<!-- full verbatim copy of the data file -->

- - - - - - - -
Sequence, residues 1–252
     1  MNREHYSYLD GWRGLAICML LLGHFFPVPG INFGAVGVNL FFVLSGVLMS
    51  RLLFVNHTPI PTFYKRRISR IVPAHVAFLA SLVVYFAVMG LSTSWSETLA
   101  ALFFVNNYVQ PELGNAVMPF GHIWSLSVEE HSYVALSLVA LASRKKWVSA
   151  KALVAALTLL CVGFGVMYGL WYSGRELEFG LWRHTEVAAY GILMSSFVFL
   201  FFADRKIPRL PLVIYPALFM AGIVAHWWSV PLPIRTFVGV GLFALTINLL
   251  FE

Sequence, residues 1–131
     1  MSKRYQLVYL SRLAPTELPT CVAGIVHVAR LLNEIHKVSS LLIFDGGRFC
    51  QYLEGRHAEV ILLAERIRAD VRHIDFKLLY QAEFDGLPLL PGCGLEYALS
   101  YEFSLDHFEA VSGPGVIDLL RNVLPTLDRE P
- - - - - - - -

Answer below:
Sequence, residues 1–252
     1  MNREHYSYLD GWRGLAICML LLGHFFPVPG INFGAVGVNL FFVLSGVLMS
    51  RLLFVNHTPI PTFYKRRISR IVPAHVAFLA SLVVYFAVMG LSTSWSETLA
   101  ALFFVNNYVQ PELGNAVMPF GHIWSLSVEE HSYVALSLVA LASRKKWVSA
   151  KALVAALTLL CVGFGVMYGL WYSGRELEFG LWRHTEVAAY GILMSSFVFL
   201  FFADRKIPRL PLVIYPALFM AGIVAHWWSV PLPIRTFVGV GLFALTINLL
   251  FE

Sequence, residues 1–131
     1  MSKRYQLVYL SRLAPTELPT CVAGIVHVAR LLNEIHKVSS LLIFDGGRFC
    51  QYLEGRHAEV ILLAERIRAD VRHIDFKLLY QAEFDGLPLL PGCGLEYALS
   101  YEFSLDHFEA VSGPGVIDLL RNVLPTLDRE P